I know I've seen some very pleasant auto-responses, but yea, makes me wonder if these hosts/ISPs actually go in and disinfect these likely malware infected systems that are being used to send the large amounts of spam e-mail...?

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...You think there are some ISPs who simply "dumping" these SpamCop reports to dev/null/ ?...
Undoubtedly there are many. This topic started with the URLs of spamvertized sites. The incentive for the host to crack down on the offending site owner is not huge - although possible listing in the SURBL and/or an adverse rating in McAfee's SiteAdvisor, etc. might "look bad". But you are talking about
...malware infected systems that are being used to send the large amounts of spam e-mail ...
- which is a different matter, being the sending network and zombie senders. There is some incentive there to act but it is somewhat indirect if the zombie machine follows current "best practice" and sends direct to the internet, rather than through the ISP's mail service. The only thing affecting the ISP then is the cost he can pass on to legitimate users which cost (I guess) is influenced by the volume of illegitimate traffic his system carries and by the bandwidth he can make available to satisfy legitimate users which must certainly be affected by high spam volumes chewing through his recources. If he becomes uncompetitive he loses customers.

He wouldn't/shouldn't care too much about some IP addresses (or range of addresses) in his webspace getting blocked (as such) if they should never be directly sending messages over the internet anyway. You will find these days that most dynamic addresses/ranges are "blocked" on one or more lists anyway - including the one you are interfacing on and including the one I am using. And they will all have "poor" or "indeterminate" reputation scores in the "sender reputation" systems. We don't even have to send spam to be blocked from doing so (by those using the appropriate lists or reputation scores) even before we (heaven forfend) become infected.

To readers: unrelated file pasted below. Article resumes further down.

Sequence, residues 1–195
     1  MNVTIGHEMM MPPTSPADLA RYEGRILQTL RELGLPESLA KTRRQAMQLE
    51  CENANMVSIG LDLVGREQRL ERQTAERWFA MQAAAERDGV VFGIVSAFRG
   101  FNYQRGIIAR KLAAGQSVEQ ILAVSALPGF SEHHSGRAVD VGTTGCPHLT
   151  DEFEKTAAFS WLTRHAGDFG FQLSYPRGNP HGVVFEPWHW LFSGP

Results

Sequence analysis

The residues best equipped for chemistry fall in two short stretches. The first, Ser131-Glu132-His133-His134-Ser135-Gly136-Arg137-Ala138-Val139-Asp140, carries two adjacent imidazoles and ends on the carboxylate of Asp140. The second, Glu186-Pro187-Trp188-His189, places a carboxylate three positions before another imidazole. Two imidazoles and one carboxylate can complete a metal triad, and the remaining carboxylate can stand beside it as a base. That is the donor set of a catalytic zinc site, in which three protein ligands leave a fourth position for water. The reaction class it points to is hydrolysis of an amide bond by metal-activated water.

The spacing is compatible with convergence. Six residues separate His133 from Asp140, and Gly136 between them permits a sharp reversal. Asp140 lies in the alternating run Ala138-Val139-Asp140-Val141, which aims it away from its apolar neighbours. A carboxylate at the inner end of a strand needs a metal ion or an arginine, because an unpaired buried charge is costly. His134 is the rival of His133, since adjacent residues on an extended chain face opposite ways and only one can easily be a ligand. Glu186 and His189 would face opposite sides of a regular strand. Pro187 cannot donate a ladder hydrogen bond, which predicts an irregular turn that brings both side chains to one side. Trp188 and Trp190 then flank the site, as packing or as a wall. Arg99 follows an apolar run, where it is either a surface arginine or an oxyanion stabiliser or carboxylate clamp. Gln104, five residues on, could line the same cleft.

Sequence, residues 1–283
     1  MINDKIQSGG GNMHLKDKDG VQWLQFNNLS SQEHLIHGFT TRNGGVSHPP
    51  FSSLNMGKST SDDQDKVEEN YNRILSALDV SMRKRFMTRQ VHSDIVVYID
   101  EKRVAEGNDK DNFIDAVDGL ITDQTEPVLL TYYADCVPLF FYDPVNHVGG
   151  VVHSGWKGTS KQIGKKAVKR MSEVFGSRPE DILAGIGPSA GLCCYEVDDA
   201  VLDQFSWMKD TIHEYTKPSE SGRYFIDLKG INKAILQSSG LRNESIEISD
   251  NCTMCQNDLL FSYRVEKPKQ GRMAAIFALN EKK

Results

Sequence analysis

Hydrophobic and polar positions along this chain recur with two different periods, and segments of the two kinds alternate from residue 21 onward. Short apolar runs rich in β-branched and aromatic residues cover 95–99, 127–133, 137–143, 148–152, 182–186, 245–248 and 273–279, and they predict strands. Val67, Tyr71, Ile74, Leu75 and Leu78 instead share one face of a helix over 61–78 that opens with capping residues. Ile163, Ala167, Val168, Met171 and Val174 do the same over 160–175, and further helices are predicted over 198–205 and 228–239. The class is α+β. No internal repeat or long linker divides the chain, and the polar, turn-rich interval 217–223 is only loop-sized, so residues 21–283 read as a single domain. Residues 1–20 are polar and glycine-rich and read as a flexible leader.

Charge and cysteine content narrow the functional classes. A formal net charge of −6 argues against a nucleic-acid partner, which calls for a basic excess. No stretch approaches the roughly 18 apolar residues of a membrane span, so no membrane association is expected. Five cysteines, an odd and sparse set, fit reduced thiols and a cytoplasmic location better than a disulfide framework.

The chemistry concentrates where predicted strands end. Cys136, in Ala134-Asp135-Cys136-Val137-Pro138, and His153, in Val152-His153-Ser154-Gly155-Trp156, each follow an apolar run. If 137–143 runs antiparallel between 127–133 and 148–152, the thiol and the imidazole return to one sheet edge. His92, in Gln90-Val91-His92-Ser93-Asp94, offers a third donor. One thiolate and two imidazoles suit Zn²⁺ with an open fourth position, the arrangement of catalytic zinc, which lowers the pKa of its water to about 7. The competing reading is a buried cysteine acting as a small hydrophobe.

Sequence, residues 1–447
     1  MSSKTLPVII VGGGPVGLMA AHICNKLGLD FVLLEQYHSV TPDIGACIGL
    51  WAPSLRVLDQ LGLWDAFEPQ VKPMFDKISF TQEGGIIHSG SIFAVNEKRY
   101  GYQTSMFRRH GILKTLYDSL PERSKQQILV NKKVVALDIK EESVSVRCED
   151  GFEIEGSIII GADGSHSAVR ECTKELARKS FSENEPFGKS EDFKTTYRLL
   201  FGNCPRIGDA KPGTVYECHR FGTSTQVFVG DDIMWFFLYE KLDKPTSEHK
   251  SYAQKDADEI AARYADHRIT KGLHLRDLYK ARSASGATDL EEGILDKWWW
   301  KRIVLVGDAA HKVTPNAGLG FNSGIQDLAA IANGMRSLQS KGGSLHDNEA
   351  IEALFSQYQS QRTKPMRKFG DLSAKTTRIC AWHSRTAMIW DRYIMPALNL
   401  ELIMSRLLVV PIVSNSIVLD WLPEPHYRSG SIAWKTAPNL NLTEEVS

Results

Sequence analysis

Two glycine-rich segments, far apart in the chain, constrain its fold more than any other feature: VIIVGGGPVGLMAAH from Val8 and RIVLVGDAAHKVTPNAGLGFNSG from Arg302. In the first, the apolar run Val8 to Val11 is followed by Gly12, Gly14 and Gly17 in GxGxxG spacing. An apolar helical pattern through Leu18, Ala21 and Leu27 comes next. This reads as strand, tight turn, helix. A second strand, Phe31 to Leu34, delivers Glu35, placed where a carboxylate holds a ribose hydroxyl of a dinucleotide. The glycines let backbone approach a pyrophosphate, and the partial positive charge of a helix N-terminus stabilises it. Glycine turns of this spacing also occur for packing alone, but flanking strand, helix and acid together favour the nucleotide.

Sadly, the internet, in its almost infinite adaptability, can cope with black-hat and gey-hat providers without offering a lot of incentive to the white-hat. Other than the undying gratitude of the few that know the difference between them all.

In some parts of the world providers/carriers have a formal obligation to keep abusers off their networks and to assist innocent/clueless users who get 'borged to clean up their installations. Those providers prime response to date seems to be to filter spam inwards and outwards and to drop the stuff on the floor without notification so that detection and proof of any problem becomes (erm...) problematic. Mind you, the same or very near to it is done by providers elsewhere, those with no such formal obligations, just (deservedly) fragile reputations and beancounters advising them on risk management.

Now I'm feeling all depressed again ...

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very interesting.

You think there are some ISPs who simply "dumping" these SpamCop reports to dev/null/ ?

Could be, but I was referring more to the percentage of a personal response to a report, which I take to be also taking action. It is difficult to determine if the ISP actually follows through on removing bandwidth from the spammer (shovelling against the tide), much easier with spamvertized sites.